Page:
Virgin Atlantic Airways’s lineup of potential backers has narrowed as Richard Branson’s airline races the clock to secure a bailout, people with knowledge of the situation said.
Chief executive officer Shai Weiss made follow-up presentations to four remaining interested parties over the weekend, according to the people, who asked not to be named discussing a private matter. Virgin Atlantic pitched its plans for surviving the coronavirus crisis to a dozen firms earlier this month.
The airline is seeking to pin down emergency funding in the next two to three weeks, with restructuring specialist Alvarez & Marsal continuing to work on a so-called pre-packaged administration should it fail to secure support, the people said.
The trans-Atlantic specialist’s survival plan is based on securing around 750 million pounds ($925 million) to shore up liquidity, including 500 million pounds in private or state funding. In addition, the rescue package would include an injection from founder Branson, and guarantees for credit card receipts, the people said.
In an email, Virgin Atlantic said it’s “exploring all available options” to obtain external funding. Constructive discussions continue with stakeholders including the UK government, and “meanwhile the airline remains in a stable position.”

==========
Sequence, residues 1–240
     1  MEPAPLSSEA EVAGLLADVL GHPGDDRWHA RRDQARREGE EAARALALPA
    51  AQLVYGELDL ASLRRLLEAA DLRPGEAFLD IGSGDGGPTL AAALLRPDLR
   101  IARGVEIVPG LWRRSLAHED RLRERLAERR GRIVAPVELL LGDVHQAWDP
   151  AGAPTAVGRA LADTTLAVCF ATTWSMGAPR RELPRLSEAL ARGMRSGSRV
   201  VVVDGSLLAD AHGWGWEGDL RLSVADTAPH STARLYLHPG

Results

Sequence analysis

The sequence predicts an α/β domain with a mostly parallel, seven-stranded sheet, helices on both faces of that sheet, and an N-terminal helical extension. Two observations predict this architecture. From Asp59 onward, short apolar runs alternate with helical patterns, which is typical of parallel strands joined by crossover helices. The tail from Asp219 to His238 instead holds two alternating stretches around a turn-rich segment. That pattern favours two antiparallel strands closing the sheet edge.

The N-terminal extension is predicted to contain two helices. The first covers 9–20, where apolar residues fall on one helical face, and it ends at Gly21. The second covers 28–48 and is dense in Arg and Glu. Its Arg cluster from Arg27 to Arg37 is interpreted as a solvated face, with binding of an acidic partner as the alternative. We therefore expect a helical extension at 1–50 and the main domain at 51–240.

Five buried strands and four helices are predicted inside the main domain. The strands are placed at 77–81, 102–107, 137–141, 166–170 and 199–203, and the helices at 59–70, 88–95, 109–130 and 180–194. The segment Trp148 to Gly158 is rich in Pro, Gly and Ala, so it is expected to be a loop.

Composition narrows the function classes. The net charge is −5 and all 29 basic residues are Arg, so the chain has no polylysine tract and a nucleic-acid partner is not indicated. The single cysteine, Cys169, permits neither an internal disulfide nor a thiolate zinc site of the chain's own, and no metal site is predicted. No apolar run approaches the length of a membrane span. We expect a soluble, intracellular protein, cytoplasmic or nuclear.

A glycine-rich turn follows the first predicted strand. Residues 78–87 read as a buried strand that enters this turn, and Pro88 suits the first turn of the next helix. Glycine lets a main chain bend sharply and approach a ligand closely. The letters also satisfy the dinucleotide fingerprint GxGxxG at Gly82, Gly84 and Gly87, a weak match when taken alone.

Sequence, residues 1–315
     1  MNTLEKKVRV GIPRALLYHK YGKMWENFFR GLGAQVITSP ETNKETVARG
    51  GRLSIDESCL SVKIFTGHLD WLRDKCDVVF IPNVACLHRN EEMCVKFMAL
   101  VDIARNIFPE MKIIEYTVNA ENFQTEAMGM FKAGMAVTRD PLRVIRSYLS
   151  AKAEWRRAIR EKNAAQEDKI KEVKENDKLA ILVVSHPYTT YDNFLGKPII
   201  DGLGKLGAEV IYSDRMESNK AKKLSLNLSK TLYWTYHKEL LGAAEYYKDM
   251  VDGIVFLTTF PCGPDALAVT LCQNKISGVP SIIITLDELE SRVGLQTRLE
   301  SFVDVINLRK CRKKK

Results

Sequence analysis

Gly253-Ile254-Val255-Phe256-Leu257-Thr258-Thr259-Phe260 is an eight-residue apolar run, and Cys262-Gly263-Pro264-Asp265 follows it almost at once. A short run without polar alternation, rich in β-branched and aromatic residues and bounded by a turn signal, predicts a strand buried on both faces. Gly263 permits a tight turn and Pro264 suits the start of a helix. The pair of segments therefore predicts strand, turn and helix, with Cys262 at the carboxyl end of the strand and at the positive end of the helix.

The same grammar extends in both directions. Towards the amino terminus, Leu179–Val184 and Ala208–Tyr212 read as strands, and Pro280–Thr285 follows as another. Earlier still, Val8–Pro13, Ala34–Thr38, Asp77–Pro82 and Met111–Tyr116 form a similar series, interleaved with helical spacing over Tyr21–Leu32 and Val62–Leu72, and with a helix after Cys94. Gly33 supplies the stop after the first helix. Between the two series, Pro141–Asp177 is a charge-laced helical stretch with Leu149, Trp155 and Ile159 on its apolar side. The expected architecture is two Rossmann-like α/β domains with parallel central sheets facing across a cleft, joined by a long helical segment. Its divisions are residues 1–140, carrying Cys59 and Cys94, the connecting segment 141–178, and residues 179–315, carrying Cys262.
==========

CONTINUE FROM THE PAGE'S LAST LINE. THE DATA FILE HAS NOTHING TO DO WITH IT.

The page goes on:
Virgin may need to ask the UK government to underwrite any private money, one of the people said.
If no offers of investment are forthcoming, Britain could alternatively provide a loan or take a direct stake in the airline, invoking the Project Birch rescue plan for strategically important companies unable to tap a Bank of England-administered fund because of their poor credit ratings, the person said.
Either measure would require a softening of the government’s stance on Virgin Atlantic, after the Department for Transport pushed back against contributing to a bailout earlier in the Covid-19 pandemic.
Since then, billionaire Branson has begun selling shares of his Virgin Galactic space venture to raise cash, while Virgin Atlantic announced that it’s cutting 3 150 jobs and shutting its London Gatwick hub to survive.
Virgin Atlantic’s existing lenders have appointed Deloitte to advise them on their financial exposure to the airline, with banks owed at least 250 million pounds, Sky News reported Sunday, citing people familiar with the matter.
The airline is also working with its creditors, the second person said.
Insolvency procedures remain a last resort, both people said, though the pre-pack model being explored by Alvarez & Marsal can allow businesses that are viable but overrun by debt to make a fresh start rather than be broken up.
Among the firms initially briefed by Weiss as part of an investor search led by Houlihan Lokey were Deutsche Bank AG, Apollo Global Management, Cerberus Capital Management, Centerbridge Partners and Greybull Capital.
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